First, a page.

Rethinking attitudes toward work and working hours is central to the Simpler Way. Most of the things we consume have to be purchased, and this means that the more we consume, the more time we have to spend working to pay for our lifestyles.
- Consider reducing working hours: Everybody’s situation is different, so reducing working hours may not be feasible. But if you and your household find ways to significantly reduce your overall consumption expenditure, you may find that you don’t have to work so many hours a week in paid employment. This will free up more time to pursue your private passions and engage with your community in meaningful and fulfilling ways. This may reduce your material wealth, but it is likely to increase your quality of life. What a good trade!
- But how? If you think it may be feasible to fund a simpler lifestyle by working less, the question is how to make this a reality. There are two main paths to reduced working hours: One option is to find a new job that offers part-time work. The second option is to approach your current employer and ask whether it would be possible to work fewer hours per week on pro rata reduced wages / salary. Your employer might be more open to it than you think. After all, it means reduced costs for them. It may also increase your own productivity.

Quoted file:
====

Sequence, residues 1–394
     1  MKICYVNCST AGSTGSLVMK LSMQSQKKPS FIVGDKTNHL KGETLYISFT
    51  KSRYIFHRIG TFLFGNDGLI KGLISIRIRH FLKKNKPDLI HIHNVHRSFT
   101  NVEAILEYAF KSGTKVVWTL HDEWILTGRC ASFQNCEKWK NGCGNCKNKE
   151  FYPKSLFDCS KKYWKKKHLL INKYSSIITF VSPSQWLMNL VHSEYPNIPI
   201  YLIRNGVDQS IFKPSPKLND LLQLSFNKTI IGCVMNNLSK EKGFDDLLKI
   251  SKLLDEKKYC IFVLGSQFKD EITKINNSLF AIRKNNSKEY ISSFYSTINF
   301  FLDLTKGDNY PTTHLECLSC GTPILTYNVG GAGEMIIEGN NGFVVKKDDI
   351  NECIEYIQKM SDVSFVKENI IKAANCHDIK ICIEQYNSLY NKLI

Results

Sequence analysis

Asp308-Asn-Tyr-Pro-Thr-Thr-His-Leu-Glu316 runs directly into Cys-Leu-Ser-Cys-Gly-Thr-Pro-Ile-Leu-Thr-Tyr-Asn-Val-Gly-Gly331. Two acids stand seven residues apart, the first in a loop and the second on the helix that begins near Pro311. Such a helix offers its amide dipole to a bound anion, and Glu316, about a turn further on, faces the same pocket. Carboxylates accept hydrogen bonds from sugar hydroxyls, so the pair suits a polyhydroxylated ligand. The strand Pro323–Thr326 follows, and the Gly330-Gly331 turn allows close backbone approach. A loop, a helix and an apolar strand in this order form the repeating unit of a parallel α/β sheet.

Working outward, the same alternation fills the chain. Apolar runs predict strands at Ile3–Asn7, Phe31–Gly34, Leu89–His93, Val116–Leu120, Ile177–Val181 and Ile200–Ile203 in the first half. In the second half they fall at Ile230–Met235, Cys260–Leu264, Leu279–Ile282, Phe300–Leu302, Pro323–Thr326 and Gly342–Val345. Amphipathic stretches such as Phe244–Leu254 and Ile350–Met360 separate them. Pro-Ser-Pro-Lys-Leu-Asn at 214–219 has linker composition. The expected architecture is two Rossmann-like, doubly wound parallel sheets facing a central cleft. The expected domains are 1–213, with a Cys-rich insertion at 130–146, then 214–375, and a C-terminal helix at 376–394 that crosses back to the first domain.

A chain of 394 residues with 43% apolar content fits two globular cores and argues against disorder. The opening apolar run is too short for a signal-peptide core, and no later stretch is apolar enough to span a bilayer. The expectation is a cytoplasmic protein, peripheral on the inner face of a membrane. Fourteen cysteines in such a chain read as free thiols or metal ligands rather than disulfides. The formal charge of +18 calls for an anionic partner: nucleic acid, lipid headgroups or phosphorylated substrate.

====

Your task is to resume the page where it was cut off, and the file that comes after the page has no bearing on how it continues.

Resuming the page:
- What to do with a pay rise? There will probably come a time in your working life when you are offered a pay rise. One option, as noted above, is to save your raise. But there is another option, too. Rather than accepting the extra money and spending more, ask whether you can stay on the same wages / salary but work less. For example, you might ask for one afternoon off per week. Again, your employer might be quite happy to accept such an arrangement.
- Work from home one day per week: Another way to rethink your work life is to consider whether it would be possible to work one or more days from home. This will not be possible for all jobs, but it will be for some. This may a nice way to spend one of your working days. It will also reduce the amount of travelling you do to and from work, and that means less oil-dependency. Win-win.
- See if you can telecommute instead of traveling: Many jobs today require travel in between suburbs, cities, or even countries. Using video-conferencing technology can greatly reduce the need to travel for work. Look into it. Your employer might be happy for you to do this too, as it will reduce their costs (and it will also significantly reduce carbon emissions).
- If you need less, you have less pressure to work for dodgy businesses: Sometimes people find themselves pressured or seduced for financial reasons to work for businesses that don’t really contribute to the common good. If you don’t need much money, however, you may find that you can choose work that pays less but which might be more fulfilling and socially worthwhile.
- Home production: Turn your home into a place of production, not merely consumption. Develop a skill that interests you and learn how to produce something you or your community needs.
- Vote with your time: On the page discussing money it is noted that ‘how we spend our money is how we vote on what exists in the world.’ The same goes for how we spend our time. Time is life – don’t waste it. We have only this moment.